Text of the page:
martes, 29 de octubre de 2013

Too Few Kids Follow Bike Helmet Laws, Study Finds: MedlinePlus

Too Few Kids Follow Bike Helmet Laws, Study Finds: MedlinePlus

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Too Few Kids Follow Bike Helmet Laws, Study Finds

In L.A. County over 5-year period, 8 of 9 children who died in bike accidents weren't wearing helmets
 (*this news item will not be available after 01/24/2014)
By Robert Preidt
Saturday, October 26, 2013HealthDay Logo
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SATURDAY, Oct. 26 (HealthDay News) -- Helmets are worn by only about one in 10 Los Angeles County children involved in bicycle accidents, despite a state law that requires helmets for riders under age 18, a new study finds.
The findings show the need for new education programs to increase the use of bike helmets, according to the study authors.
The researchers analyzed the medical records of more than 1,200 children, median age 13, who were treated for bicycle accident-related injuries in Los Angeles County between 2006 and 2011.
Overall, just over 11 percent of the children were wearing a helmet at the time of the accident, but there were significant racial/ethnic differences in helmet use. About 35 percent of white children wore helmets, compared to 7 percent of Asian children, 6 percent of black children and 4 percent of Hispanic children, the findings revealed.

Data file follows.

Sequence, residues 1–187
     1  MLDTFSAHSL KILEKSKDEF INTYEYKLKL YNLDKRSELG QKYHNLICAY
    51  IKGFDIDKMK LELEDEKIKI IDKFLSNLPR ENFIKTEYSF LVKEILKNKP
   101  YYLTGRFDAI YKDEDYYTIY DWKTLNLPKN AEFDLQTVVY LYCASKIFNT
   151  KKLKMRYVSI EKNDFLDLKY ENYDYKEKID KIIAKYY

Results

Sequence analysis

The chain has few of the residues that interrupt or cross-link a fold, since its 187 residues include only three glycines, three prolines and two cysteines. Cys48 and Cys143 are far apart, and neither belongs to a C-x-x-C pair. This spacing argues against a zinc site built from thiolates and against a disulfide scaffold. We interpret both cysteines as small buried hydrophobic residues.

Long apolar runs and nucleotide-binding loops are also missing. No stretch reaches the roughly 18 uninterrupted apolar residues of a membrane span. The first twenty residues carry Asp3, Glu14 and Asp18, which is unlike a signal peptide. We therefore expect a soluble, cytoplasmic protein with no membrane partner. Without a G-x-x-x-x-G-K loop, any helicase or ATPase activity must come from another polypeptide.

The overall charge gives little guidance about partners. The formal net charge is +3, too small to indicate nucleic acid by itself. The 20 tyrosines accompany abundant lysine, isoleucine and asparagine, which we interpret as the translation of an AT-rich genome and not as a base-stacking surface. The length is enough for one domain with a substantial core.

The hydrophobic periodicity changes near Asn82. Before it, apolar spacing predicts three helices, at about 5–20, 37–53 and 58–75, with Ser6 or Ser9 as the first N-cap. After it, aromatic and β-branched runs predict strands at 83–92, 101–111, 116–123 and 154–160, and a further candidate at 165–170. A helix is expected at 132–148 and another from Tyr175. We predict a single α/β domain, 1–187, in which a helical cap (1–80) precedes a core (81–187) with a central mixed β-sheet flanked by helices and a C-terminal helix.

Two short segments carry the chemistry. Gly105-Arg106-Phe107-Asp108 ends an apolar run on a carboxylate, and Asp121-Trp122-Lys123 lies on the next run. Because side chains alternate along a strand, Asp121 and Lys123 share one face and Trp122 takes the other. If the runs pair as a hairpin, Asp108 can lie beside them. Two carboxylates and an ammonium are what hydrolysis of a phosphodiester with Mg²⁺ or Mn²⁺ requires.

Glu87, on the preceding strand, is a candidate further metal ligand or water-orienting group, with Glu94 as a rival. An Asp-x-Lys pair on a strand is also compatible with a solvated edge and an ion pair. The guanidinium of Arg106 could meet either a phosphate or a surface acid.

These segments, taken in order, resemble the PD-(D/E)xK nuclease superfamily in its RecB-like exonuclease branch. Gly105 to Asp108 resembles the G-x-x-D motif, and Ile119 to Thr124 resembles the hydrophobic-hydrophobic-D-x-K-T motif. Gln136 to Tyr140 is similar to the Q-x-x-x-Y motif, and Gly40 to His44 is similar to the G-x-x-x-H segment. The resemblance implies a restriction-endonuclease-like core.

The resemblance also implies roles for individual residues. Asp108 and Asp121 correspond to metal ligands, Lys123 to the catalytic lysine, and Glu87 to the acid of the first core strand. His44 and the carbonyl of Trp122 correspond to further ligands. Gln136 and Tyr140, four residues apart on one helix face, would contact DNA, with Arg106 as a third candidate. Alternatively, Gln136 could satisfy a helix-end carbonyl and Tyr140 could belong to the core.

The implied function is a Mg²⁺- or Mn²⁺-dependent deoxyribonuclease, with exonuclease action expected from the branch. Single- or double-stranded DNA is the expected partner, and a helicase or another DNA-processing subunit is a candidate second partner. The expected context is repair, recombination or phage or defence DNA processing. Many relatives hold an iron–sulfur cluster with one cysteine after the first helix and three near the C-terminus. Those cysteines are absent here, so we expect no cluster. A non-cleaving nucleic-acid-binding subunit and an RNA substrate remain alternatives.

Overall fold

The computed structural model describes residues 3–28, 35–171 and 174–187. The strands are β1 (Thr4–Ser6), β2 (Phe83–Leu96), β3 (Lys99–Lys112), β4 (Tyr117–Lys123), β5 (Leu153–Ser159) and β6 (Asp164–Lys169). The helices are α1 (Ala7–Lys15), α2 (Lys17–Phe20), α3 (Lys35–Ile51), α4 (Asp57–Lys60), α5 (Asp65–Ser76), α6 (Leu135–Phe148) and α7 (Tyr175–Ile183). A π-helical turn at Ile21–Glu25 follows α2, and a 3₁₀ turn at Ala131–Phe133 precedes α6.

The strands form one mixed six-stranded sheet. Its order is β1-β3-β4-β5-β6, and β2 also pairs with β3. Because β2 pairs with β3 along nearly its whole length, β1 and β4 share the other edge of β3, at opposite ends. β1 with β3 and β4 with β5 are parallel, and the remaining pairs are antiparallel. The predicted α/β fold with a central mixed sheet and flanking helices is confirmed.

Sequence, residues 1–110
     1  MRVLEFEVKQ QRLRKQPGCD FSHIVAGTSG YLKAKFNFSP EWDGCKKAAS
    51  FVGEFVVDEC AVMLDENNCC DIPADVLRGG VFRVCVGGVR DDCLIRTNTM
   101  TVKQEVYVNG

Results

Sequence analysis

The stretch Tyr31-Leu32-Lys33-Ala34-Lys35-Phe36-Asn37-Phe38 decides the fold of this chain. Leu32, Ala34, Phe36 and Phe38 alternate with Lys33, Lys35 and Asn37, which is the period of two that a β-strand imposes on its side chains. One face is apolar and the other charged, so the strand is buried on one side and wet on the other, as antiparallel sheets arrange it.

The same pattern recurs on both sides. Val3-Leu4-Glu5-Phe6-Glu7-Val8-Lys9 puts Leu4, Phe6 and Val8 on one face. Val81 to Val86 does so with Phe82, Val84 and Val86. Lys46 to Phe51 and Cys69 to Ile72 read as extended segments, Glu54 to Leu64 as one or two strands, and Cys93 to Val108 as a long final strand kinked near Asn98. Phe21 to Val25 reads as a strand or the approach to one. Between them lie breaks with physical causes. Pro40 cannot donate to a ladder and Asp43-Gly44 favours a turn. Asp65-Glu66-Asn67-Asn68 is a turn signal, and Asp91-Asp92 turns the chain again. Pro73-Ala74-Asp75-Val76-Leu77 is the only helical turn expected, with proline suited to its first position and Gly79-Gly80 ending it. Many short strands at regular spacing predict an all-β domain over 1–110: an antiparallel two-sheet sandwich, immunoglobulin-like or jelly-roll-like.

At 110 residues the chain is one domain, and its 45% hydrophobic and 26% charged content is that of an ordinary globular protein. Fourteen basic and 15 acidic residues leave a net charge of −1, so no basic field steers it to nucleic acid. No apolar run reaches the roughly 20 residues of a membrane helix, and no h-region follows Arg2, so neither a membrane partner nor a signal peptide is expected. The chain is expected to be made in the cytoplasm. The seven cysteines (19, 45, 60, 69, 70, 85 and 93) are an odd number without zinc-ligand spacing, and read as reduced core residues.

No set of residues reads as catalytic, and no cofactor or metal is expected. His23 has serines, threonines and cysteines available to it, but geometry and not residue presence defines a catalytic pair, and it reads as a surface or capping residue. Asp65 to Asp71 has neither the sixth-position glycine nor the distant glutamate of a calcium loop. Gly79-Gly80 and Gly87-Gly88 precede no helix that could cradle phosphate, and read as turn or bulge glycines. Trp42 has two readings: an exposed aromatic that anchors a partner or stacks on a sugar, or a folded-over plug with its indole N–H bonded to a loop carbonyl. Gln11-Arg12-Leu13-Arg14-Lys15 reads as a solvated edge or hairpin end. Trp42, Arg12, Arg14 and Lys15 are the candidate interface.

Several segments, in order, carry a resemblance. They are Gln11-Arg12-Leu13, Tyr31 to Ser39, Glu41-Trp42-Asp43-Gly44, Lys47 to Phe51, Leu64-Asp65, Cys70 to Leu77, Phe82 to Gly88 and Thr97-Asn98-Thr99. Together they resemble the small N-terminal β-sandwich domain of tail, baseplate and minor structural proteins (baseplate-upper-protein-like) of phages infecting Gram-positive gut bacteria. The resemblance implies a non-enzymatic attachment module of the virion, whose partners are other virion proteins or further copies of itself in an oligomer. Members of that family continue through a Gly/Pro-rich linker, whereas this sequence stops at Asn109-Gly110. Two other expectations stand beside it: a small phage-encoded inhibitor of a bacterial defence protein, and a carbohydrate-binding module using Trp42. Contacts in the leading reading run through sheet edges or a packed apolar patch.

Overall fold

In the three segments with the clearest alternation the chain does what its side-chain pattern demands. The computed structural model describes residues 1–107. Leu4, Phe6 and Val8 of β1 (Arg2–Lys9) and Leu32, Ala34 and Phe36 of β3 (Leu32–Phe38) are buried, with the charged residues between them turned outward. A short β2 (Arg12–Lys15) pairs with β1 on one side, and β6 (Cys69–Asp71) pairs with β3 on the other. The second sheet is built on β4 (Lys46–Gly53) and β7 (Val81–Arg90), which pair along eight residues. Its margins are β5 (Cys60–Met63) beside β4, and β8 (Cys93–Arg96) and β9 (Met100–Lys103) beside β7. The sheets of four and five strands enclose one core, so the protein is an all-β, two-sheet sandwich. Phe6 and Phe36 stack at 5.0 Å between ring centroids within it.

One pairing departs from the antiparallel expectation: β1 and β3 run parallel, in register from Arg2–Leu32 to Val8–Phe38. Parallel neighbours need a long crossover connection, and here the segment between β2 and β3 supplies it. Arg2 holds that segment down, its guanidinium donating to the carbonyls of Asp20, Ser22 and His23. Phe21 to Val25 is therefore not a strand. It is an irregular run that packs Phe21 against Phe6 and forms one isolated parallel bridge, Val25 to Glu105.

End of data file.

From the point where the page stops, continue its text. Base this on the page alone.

The investigators also found that children over age 12 were less likely to wear a helmet and that helmet use was lower among children with public insurance than among those with private insurance (7.6 percent versus 15.2 percent), according to the study presented Oct. 26 at the national conference of the American Academy of Pediatrics (AAP) in Orlando, Fla.
Nearly 6 percent of the children in the study required emergency surgery and the death rate was 0.7 percent. Of the nine children who died, eight were not wearing a helmet.
"Our study highlights the need to target minority groups, older children and those with lower socioeconomic status when implementing bicycle safety programs in Los Angeles County," study author Dr. Veronica Sullins said in an AAP news release.
Research presented at medical meetings should be viewed as preliminary until published in a peer-reviewed journal.
Each year in the United States, bicycle crashes and bicycle-related head injuries cause 150,000 emergency department visits and nearly 400 deaths, according to the U.S. Centers for Disease Control and Prevention.
SOURCE: American Academy of Pediatrics, news release, Oct. 26, 2013

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